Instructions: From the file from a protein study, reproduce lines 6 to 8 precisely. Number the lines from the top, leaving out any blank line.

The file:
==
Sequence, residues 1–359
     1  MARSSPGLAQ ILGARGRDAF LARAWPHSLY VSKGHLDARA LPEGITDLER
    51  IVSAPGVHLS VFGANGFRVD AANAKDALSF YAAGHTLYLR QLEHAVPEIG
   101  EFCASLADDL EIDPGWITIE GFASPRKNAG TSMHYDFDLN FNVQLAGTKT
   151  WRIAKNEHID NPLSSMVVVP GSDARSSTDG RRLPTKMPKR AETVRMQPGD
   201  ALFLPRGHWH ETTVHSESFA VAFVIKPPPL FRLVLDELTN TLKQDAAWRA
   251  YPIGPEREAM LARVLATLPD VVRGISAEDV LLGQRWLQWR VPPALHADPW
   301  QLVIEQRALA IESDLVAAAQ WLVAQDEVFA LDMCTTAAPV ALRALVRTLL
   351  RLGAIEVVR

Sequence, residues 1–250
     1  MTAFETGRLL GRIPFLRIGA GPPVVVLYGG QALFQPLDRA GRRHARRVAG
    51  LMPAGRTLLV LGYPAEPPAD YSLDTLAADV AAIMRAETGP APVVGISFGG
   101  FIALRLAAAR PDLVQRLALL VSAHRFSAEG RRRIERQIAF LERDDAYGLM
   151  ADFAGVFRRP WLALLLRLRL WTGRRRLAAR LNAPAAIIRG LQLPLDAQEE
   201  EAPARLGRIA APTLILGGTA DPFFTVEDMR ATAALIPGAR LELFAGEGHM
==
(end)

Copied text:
   201  ALFLPRGHWH ETTVHSESFA VAFVIKPPPL FRLVLDELTN TLKQDAAWRA
   251  YPIGPEREAM LARVLATLPD VVRGISAEDV LLGQRWLQWR VPPALHADPW
   301  QLVIEQRALA IESDLVAAAQ WLVAQDEVFA LDMCTTAAPV ALRALVRTLL